Issue Advocacy and the Future Relevance of the Democratic Party

Sandy Dockendorff continues the series of guest commentaries by candidates for Iowa Democratic Party chair. -promoted by desmoinesdem

I recently participated in a meeting with a couple of local legislators to discuss education issues and to provide information about our school district and the kind of help we could use from the legislature this year. Our school district has done this every year that I have been on the school board, though this year we had a new face – one of the new GOP house members.

In short, we advocated for Education with our legislators. We were specific on what we need from our legislators. We stressed that it is not all about the funding, but that the lack of funding does have an impact on student achievement. We pointed out that public education is not failing and provided proof. We told them it is important for our legislators and our government officials to speak about public education in a positive manner if we want our families to take education seriously. We even showed them a video about why it is important to change how we view education.

Advocating for issues is what I do. It is who I am. It is what drives me to be an active Democrat.

I am not alone.

It is easy to advocate, as a group, when we all agree on an issue. Some other school district might have a different list of things to talk about with their legislators. This is why we have an association: to focus the attention of the legislature on those issues that most school boards believe need consideration.

This is also one reason for having political parties. One could argue that the purpose of the IDP is to focus attention on those issues that most Democrats believe need action.

Agreement on what to do about many issues is hard to come by in our country right now. This is also true within the Democratic Party. The jobs issue is one of those issues; water quality another. We all agree that we want more jobs and clean water. Defining how to meet these needs has the potential to pit one part of our Party coalition from another.

A mild example: Most folks agree that to meet the dual needs of more jobs and repairing/replacing our crumbling infrastructure, that the government should fund an infrastructure jobs bill. Still, there are those who point out that leaves many job classifications out. Of course, supporters reply: additional jobs grow out of having a significant number of employees with additional disposable income. It is designed to jumpstart the economy, not carry it. Others ask, what about the arts? Shouldn’t we do something that builds our society’s ability to express itself? Wouldn’t we all benefit from a renewed sense of national pride? Why not pay artists for submissions of their work to describe their feelings about our country: songwriters to write new songs; poets new poems?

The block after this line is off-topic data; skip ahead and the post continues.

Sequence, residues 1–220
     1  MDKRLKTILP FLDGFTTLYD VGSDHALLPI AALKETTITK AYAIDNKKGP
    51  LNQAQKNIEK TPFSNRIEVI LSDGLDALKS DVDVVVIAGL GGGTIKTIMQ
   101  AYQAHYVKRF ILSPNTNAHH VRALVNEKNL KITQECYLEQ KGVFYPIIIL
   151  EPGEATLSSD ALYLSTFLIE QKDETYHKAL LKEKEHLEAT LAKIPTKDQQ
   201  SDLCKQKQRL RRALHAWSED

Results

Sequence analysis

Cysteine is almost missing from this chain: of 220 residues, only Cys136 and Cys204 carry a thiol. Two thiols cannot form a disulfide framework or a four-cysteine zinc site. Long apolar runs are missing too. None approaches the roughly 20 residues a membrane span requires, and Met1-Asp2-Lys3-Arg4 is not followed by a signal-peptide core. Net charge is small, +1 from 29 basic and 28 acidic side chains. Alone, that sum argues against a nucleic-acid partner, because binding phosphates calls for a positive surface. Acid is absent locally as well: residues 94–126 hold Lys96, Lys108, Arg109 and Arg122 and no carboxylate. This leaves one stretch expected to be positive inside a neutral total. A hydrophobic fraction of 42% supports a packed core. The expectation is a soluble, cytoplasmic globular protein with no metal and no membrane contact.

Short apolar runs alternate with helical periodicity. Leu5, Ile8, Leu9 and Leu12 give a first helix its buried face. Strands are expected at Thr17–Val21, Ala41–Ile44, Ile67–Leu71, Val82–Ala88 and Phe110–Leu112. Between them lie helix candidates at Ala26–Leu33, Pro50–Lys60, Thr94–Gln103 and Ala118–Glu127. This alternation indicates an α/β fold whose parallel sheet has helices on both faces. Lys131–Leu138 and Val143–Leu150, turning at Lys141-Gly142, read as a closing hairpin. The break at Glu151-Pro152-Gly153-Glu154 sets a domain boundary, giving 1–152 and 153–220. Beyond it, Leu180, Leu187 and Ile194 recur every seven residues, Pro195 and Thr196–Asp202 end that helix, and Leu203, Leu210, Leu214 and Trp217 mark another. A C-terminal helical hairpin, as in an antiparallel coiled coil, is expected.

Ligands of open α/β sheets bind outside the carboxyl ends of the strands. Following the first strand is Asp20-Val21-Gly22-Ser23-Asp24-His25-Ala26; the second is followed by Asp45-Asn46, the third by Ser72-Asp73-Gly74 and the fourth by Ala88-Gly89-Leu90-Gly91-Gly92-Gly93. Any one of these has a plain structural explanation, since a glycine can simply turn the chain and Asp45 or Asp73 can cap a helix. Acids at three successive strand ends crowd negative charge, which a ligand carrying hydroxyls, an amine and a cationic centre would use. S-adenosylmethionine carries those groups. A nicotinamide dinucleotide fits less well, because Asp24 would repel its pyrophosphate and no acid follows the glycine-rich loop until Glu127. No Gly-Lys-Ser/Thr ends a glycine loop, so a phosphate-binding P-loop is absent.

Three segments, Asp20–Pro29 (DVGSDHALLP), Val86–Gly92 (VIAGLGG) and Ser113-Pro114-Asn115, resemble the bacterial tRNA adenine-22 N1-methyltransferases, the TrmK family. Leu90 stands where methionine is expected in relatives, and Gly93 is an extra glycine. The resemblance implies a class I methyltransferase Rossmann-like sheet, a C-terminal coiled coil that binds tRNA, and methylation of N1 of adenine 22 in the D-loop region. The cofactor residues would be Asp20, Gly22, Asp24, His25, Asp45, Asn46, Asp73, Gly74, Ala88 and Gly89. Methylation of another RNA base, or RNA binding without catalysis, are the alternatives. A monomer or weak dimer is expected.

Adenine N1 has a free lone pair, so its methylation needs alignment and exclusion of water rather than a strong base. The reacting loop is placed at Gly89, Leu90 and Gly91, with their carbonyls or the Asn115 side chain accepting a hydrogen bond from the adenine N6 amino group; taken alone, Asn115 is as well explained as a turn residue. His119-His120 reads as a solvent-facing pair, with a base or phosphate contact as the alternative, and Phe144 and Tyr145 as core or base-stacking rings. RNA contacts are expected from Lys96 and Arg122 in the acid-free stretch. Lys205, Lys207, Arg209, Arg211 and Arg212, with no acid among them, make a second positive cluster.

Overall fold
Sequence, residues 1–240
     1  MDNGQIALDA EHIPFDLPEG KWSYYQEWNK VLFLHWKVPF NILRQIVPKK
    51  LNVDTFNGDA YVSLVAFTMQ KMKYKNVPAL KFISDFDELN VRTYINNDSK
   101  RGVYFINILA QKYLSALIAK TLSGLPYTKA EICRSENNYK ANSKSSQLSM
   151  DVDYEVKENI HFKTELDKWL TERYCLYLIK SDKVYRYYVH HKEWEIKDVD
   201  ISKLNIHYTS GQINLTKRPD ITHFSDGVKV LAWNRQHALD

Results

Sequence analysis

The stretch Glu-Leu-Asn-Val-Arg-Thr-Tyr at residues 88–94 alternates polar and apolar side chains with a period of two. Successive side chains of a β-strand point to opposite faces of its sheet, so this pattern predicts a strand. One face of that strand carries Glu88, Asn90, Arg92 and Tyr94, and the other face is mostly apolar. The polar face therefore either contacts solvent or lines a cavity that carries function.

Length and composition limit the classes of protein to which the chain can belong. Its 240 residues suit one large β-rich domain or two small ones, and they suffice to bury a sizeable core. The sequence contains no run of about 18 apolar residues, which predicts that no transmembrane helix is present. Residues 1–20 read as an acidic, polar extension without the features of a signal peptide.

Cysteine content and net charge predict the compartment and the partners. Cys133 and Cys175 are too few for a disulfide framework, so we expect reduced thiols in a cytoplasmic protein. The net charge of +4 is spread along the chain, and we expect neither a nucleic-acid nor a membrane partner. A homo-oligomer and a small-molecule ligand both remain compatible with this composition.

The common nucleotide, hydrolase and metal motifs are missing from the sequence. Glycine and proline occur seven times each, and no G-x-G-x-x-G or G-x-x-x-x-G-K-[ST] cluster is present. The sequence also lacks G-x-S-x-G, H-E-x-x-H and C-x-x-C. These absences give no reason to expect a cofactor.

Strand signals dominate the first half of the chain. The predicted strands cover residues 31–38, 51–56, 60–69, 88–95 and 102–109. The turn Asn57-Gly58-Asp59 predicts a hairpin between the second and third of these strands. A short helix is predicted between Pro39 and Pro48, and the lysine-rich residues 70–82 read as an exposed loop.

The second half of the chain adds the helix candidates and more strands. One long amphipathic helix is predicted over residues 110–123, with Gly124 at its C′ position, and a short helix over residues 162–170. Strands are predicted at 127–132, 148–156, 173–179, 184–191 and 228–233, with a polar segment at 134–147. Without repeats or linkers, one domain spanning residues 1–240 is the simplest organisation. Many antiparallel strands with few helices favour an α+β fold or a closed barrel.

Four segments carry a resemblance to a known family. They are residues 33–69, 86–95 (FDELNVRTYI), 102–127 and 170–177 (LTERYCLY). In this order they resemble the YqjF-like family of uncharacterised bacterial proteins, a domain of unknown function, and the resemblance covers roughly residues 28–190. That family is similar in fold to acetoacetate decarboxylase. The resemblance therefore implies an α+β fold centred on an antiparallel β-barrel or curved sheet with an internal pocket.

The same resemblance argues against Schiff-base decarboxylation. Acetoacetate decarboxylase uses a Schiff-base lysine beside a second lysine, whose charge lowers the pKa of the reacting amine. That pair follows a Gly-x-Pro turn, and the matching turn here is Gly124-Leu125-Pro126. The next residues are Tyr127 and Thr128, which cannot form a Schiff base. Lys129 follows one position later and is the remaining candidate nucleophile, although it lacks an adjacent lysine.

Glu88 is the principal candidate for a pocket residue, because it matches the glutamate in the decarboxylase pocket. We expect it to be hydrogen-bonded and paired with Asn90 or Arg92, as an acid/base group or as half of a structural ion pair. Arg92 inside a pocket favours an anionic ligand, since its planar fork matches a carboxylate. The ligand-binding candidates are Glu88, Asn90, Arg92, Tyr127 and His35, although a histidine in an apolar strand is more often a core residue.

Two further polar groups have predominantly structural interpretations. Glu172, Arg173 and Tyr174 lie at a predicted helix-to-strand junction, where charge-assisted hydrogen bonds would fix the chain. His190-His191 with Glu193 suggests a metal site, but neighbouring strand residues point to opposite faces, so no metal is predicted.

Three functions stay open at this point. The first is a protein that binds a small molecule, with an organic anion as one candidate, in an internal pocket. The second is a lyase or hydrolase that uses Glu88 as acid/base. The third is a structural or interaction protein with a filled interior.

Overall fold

Issues drive people to our Party and then we sit them in a room at monthly meetings to discuss Party Building and ultimately to work to elect specific candidates for specific roles. We walk through a political calendar of required actions and events (caucuses, committee elections, conventions, GOTV). Where is the connection? How do we feed that passion for issues that brought people to our doors?

Right now, we are experiencing a resurgence in political interest. Some people talk about whether we need to change something to keep the new people engaged. Luckily, there is nothing we could do to keep them out. Our country and the Democratic Party are grounded on the notion that the PEOPLE are the focus. Millennials are not going away. Their contribution will influence our country and our Party. The real question is whether the Democratic Party will be relevant in the future, if we don’t change some things?

Specifically, what I want to accomplish as Chair of the IDP is to lead us back to our roots. This is not a reaction to this past election cycle. It is a reaction to the last five election cycles and a concern about the importance of the next one.

We have to get back to the issues. When we focus on the issues, everything about our Party structure makes sense and works better. Here are my priorities for the next two years:

• Our Party has to be professional, transparent, forward thinking, relevant, and a conduit for the voices of our grassroots.
• We have to move away from candidate-centric campaigns toward issue-oriented advocacy.
• We need to develop a strategic plan that focuses on educating voters, training our volunteers and candidates, growing our Party and functional capacity, and creating an organizational identity.
• Fundraising should be the means to carry out our strategic plan, but it should not be the strategic plan.
• We have to be smart and fair about how we support our candidates.
• We need a Chair that brings us together to face the future.